Lisfranc Injury Diagnosis: What Is the Diagnostic Reliability of New Radiographic Signs Using Three-dimensional CT?

Eran Tamir, Ahmad Essa*, Almog Levi, Eran Beit Ner, Eric Kachko, Aharon S. Finestone

*Corresponding author for this work

Research output: Contribution to journalArticlepeer-review


Background Up to one-third of Lisfranc injuries (an injury affecting the normal stability, alignment, and congruency of the tarsometatarsal joints) are misdiagnosed. Delayed diagnosis and improper treatment may lead to long-term, irreversible sequela and functional disability. Recently, the employment of three-dimensional (3D) CT demonstrated higher diagnostic reliability, but there is limited evidence on this, and radiologic features of Lisfranc injuries when using this diagnostic modality are not well described.Question/purposeWhat is the diagnostic performance of several novel radiographic signs on 3D CT when evaluating for Lisfranc injury, namely the Mercedes sign, the peeking metatarsal sign, and the peeking cuneiform sign, and what is the interobserver and intraobserver reliability of those diagnostic signs?MethodsIn this retrospective, diagnostic study, video clips of 3D CT reconstructions of 52 feet with intraoperatively confirmed Lisfranc injuries and 50 asymptomatic feet with a normal appearance of the tarsometatarsal joints, as ascertained by a subspecialty-trained foot and ankle surgeon and a musculoskeletal radiologist, were analyzed by two foot and ankle specialists and three orthopaedic residents twice each, with a washout period of 2 weeks. Among the 52 patients with intraoperative evidence of Lisfranc injury, there were 27 male patients and 25 female patients, with a median (IQR) age of 40 years (23 to 58); among the 50 controls, there were 36 male and 14 female patients, with a median age of 38 years (IQR 33 to 49). For each video clip, the presence of all three radiographic signs was documented (each sign was rated in a binary yes/no fashion). Before the evaluations, all observers underwent a short training session by the head of the foot and ankle department. Later, these reading were used to assess for the sensitivity, specificity, and area under the receiver operating characteristic curve in terms of Lisfranc diagnosis against the gold standard of intraoperative testing of tarsometatarsal joint stability. Intraoperatively, the congruency and stability of the second tarsometatarsal joint had been evaluated by direct visualization and by the insertion of a probe into the joint between the base of the second metatarsus and the medial cuneiform and twisting the probe to assess for stability. The individuals evaluating the video clips were unaware of the surgically obtained diagnosis at the time they performed their evaluations.ResultsAll 3D radiographic signs that were examined had excellent diagnostic reliability in terms of sensitivity and specificity, ranging from 92% to 97% and from 92% to 93%, respectively. When assessing the association between the suggested 3D radiographic signs and Lisfranc injury diagnosis as a function of the area under the receiver operating characteristic curve, the Mercedes sign demonstrated a higher area under the curve than the other signs did (0.91 versus 0.87 versus 0.8; p < 0.001). The mean intraobserver and interobserver reliability (kappa) values were excellent for all 3D radiographic signs that were evaluated.ConclusionThe proposed radiographic findings demonstrated excellent diagnostic performance and were repeatable within and among observers. Three-dimensional CT radiographic signs could function as a valuable diagnostic tool for the evaluation and initial screening for Lisfranc injury in the acute injury phase because obtaining AP bilateral standing radiographs of the foot is often impractical in the acute setting. Further research and comparison with AP weightbearing radiographs of the bilateral feet may be warranted.Level of EvidenceLevel III, diagnostic study.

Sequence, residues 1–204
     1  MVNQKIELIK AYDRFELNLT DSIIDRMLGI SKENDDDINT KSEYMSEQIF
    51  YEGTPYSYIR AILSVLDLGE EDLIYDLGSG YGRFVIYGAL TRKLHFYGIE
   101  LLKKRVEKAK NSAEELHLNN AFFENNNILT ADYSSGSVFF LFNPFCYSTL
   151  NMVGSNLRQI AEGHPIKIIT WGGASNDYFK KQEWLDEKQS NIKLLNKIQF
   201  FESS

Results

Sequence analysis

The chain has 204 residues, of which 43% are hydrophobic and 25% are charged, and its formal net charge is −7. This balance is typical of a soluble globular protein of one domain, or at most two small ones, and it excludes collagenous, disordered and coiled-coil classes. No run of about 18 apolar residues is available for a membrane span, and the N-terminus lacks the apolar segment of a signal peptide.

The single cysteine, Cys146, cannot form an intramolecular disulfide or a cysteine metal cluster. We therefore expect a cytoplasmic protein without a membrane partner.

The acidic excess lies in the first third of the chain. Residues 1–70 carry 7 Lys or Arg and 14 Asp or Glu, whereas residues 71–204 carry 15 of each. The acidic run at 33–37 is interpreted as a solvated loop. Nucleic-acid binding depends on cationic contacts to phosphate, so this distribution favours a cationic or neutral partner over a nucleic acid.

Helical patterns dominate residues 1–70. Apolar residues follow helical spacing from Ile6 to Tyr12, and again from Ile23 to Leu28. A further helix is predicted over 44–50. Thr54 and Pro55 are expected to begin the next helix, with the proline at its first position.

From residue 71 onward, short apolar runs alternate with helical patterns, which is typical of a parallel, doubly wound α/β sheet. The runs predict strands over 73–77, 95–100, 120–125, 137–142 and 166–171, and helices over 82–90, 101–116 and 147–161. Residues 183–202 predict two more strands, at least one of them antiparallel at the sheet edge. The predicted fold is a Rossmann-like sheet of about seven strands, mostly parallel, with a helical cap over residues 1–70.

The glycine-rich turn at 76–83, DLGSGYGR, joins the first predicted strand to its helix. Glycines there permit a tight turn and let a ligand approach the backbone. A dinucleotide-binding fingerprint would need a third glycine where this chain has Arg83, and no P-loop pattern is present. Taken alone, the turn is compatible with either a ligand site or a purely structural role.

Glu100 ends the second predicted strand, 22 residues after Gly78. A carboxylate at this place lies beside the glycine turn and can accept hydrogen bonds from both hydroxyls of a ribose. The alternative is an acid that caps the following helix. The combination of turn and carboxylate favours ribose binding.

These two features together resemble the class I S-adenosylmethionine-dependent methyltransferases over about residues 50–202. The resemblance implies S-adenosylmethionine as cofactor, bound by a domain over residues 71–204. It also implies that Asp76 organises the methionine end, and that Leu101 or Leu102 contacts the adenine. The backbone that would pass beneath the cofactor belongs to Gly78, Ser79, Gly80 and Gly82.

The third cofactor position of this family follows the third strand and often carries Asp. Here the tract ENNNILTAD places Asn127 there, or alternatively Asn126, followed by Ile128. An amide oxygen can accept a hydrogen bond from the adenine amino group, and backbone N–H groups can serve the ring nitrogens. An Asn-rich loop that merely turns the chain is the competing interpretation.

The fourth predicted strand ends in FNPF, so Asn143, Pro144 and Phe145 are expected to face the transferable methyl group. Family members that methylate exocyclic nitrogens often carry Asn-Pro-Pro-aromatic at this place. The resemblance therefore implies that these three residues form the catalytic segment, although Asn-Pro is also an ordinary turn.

Original languageEnglish
Pages (from-to)2271-2278
Number of pages8
JournalClinical Orthopaedics and Related Research
Issue number11
StatePublished - 1 Nov 2023


Dive into the research topics of 'Lisfranc Injury Diagnosis: What Is the Diagnostic Reliability of New Radiographic Signs Using Three-dimensional CT?'. Together they form a unique fingerprint.

Cite this